Vodafone reported a loss of €1.9bn (£1.6bn) in its latest half-year results ended 30 September, chalked up mainly to India's decision to change the way it charges telcos for using airwaves.
In October, India's Supreme Court ruled against the industry in a dispute over the calculation of licensing and other regulatory fees, with Vodafone now liable "for very substantial demands", it said.
Overall revenue rose 0.4 per cent to €21.94bn (c £18.84bn), while sales in the UK were flat at €2.45bn (c £2.1bn) and EBITDA fell 0.8 per cent to €658m (c £565m).
The company blamed its sluggish performance in Blighty on higher annual licence fees and "a reallocation of costs from capex to opex following our new Cloud partnership with IBM for Vodafone Business".
The firm's results include two months of the acquired Liberty Global Eastern Europe assets for €10.3bn (c £8.85bn) and four months of Vodafone New Zealand prior to its disposal for €2bn (c £1.72bn).
Nick Read, group chief exec, said Voda has started integrating the acquired Liberty Global cable businesses, adding that its "digital transformation" is helping to reduce structural costs.
"We have now secured network sharing agreements across most of our major European markets, and we recently announced a major long-term wholesale partnership with Virgin Media in the UK, in order to improve the utilisation of our network assets.
"And we expect our European TowerCo to be operational by May next year, enabling us to continue to unlock the significant value embedded in our tower infrastructure."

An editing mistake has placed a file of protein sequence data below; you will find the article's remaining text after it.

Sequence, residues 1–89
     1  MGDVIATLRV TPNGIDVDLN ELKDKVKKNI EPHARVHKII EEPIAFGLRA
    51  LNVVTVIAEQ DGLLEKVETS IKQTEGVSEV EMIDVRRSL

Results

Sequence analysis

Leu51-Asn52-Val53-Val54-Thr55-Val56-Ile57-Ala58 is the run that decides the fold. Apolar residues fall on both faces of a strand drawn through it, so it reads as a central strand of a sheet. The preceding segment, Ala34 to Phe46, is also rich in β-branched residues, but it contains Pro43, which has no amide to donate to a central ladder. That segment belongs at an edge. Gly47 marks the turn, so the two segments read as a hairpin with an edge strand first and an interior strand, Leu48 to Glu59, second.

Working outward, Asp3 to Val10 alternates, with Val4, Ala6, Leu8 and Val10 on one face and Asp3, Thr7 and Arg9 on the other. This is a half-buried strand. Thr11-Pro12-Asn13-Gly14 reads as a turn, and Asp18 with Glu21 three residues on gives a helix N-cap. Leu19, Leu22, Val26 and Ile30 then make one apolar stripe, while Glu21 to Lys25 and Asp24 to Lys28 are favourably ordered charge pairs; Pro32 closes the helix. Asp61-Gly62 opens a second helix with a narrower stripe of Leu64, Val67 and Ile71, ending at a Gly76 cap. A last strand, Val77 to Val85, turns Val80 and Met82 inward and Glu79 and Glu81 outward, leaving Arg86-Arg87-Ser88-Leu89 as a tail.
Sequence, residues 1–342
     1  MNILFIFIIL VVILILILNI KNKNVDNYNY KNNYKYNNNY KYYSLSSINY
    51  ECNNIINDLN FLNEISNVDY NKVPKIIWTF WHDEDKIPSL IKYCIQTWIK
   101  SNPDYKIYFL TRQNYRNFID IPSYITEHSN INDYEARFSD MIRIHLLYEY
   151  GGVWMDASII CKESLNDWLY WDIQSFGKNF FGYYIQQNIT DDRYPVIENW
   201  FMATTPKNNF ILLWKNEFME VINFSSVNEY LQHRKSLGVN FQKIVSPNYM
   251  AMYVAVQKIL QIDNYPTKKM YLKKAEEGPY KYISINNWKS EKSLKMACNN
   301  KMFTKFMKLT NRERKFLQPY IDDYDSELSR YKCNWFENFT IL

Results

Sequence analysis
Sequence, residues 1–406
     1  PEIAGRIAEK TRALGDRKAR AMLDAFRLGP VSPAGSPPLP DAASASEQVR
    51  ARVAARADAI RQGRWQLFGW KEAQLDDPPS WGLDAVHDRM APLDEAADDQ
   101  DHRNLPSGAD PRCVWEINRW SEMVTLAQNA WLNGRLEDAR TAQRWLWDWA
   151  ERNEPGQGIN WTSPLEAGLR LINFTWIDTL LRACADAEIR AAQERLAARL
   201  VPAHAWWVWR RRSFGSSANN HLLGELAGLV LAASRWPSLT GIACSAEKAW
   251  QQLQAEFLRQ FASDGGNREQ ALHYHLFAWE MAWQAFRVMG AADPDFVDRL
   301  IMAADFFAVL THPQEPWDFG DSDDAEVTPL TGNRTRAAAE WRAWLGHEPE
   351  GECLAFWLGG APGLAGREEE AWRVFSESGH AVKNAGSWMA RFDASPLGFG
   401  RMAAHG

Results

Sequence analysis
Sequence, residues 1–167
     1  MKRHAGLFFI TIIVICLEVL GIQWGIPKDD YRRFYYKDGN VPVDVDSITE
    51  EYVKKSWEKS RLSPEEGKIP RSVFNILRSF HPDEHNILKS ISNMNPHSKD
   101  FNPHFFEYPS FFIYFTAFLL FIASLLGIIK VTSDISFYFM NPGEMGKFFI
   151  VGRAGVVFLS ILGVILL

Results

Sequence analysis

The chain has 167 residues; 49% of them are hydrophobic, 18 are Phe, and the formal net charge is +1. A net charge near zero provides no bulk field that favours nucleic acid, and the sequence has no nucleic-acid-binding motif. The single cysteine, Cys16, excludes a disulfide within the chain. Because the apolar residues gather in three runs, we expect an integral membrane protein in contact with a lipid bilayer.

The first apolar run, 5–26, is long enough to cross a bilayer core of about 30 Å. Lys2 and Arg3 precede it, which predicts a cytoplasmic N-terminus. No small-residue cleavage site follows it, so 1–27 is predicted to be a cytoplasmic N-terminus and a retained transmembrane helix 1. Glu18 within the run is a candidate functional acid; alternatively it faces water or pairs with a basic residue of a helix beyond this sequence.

Vodafone plans to monetise its mobile towers over the next 15 months. The entity would have EBITDA of around €900m, with its sale helping to pay down Vodafone's debt following the Liberty acquisition.
Philip Carse, analyst at Megabuyte, said: "These results once again highlight just how problematic India has been for Vodafone, with a very tough market, an onerous tax regime and now an adverse court ruling on licence fees that is significant enough to impact the Group cash flow outlook."
He added that the UK "remains a tough market, though the recent wholesale deal with Virgin Media suggests a more aggressive approach by local management".
Vodafone's MVNO agreement with Virgin Mobile, replacing BT, is worth around £200m per year, estimates Carse.
Yesterday, the company also inked a deal with BT's Openreach to expand its gigabit broadband network by 500,000 premises – on top of its existing deal with alternative network provider CityFibre for 5 million premises.
During its second quarter, the company added another 61,000 new fixed broadband customers, bringing its total base to 667,000. ®